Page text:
Dreading the visit was worse than the visit itself. My in-laws came for their annual visit and stayed for two-and-a-half days on their way to another destination. We see them at least once or twice a year, despite their living thousands of miles away. They make it a point to visit their outlying children each year. I appreciate this demonstration of dedication to their family, but it can still be stressful.
Let’s be honest here. They have made no bones about criticizing my husband I for many things that we do/don’t do or ways that we think differently. They seldom say anything to me, but they can be rather confrontational at times with my husband, so he gets a bit up-tight when they visit. I had a million things I need to do and lamented the need to delay all those things for their visit.
When they come to see us, I think about all the things that I long for in this relationship that are missing
- respect for my job;
- respect for my spiritual beliefs;
- appreciation for me as their son’s wife;
- appreciation that their son is happy;
- the closeness of shared loved ones;
- appreciation for my children/their grandchildren;
- respect for how hard I work at home, at my day job, and in my personal business; and
- appreciation for my staunch beliefs in civil, gay, and animal rights.
Seeing what’s lacking, I got sad and distressed at the thought of their visit. I had to remind myself that I don’t need my in-laws’ approval or understanding (even if it would have been nice). I feel it’s my job to support my husband through their visit by not making it more stressful, which I think I did in the past when I wanted more from my relationship with them. Through the years, we’ve finally set up a game plan which works. I decided which meals I will cook and which ones we will eat out. I ran most of my weekend errands, so long as I spent family time later in the day. While the family played cards and chatted at the dining room table, I was often nearby cooking or doing laundry. This way, I was near but had my own tasks to do. This strategy package has been the best so far.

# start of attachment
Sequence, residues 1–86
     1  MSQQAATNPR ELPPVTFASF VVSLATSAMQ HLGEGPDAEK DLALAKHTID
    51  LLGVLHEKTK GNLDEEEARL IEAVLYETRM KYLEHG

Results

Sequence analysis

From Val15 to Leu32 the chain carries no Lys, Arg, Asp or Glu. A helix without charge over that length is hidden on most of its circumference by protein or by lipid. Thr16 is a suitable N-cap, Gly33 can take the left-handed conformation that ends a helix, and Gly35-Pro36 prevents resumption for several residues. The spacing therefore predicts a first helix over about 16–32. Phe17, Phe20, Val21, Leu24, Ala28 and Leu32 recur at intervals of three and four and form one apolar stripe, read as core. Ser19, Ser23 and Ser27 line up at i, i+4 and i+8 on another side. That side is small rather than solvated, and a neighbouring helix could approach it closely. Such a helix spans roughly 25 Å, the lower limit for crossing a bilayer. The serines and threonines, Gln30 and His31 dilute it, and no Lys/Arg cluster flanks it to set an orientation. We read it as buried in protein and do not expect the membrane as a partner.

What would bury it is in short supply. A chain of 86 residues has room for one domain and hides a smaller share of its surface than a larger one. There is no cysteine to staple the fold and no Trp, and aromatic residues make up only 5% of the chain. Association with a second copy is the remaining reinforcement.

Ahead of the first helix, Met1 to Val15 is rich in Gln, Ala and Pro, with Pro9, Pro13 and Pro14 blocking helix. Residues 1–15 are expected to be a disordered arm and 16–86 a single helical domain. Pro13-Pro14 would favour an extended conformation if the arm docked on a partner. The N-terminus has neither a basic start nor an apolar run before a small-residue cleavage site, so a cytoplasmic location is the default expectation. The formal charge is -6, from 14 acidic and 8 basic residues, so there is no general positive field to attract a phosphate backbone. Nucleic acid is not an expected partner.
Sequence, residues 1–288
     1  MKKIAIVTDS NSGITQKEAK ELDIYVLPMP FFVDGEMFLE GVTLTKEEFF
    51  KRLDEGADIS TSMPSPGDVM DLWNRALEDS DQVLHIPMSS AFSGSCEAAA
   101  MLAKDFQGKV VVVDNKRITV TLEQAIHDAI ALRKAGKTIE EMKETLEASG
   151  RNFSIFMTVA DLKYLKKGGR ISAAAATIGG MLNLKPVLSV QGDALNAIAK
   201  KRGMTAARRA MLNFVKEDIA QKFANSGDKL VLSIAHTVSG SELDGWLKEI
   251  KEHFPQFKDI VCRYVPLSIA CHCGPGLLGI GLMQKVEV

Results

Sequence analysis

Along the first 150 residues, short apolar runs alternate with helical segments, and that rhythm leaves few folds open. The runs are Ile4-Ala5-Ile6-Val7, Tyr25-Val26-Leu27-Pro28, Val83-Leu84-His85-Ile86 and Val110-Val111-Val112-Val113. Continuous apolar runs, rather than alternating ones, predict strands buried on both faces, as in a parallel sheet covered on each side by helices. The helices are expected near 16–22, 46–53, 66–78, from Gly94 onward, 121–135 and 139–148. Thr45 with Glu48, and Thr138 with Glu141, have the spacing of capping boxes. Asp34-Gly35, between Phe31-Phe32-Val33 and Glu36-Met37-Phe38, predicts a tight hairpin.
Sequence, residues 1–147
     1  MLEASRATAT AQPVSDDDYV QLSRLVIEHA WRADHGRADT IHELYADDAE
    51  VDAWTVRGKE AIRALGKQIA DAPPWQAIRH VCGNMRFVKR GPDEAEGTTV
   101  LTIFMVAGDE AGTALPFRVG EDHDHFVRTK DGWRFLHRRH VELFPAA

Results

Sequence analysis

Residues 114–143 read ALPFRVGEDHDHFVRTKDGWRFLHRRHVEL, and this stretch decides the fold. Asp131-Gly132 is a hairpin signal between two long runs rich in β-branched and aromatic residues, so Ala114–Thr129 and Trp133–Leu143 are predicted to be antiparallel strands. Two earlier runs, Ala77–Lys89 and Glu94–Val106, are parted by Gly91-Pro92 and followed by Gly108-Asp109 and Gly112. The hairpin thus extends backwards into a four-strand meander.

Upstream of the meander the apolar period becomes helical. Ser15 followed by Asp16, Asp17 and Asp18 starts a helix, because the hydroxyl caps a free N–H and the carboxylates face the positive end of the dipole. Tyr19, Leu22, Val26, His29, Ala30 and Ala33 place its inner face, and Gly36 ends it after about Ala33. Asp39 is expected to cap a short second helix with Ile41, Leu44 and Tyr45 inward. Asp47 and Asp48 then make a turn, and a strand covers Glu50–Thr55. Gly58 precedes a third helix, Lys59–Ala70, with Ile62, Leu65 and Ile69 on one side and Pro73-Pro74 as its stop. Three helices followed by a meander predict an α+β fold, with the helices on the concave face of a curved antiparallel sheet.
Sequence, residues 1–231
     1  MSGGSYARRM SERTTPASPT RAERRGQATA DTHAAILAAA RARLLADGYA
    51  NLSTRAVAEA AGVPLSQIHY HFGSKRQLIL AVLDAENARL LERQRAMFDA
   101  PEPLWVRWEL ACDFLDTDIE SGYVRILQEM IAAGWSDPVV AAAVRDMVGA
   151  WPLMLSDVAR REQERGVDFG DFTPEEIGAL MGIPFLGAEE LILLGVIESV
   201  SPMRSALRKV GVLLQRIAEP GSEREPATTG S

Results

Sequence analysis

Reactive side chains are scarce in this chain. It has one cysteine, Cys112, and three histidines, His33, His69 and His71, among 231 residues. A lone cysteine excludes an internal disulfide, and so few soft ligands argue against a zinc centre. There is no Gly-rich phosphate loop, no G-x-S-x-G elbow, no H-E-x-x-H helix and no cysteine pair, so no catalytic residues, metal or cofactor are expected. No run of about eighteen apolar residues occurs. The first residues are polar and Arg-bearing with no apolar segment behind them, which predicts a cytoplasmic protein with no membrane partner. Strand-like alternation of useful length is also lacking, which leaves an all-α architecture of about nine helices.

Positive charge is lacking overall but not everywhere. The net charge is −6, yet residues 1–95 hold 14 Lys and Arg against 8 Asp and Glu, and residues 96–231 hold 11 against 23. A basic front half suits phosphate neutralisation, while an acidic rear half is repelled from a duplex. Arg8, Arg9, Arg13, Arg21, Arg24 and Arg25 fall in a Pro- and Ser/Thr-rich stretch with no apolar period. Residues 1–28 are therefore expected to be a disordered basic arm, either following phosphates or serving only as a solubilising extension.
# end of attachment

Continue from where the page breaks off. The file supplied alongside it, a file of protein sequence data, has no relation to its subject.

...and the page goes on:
Some years it was difficult to maintain a congenial conversation. Having seen what was not in common, I decided to strive to find what we have in common. Although we are different in many ways, I tried to find and build upon areas where we are alike. So we talked about making food from wholesome ingredients for long-term health. We discussed things like how to get the seeds out of tomatoes for homemade tomato soup and making homemade yogurt. These are things I never would have tackled in the past but did in the past year. My mother-in-law told me about her experiences, specialized equipment, and other helpful hints. We talked about my husband’s younger years, and schooling of several generations of family members.
All in all, it was a good visit and not near as stressful as I thought it would be. Building upon common ground wasn’t as hard as I expected it to be, either. I’m more comfortable in my own skin now and less concerned about getting approval for what I do, which has been considerably freeing. Whew!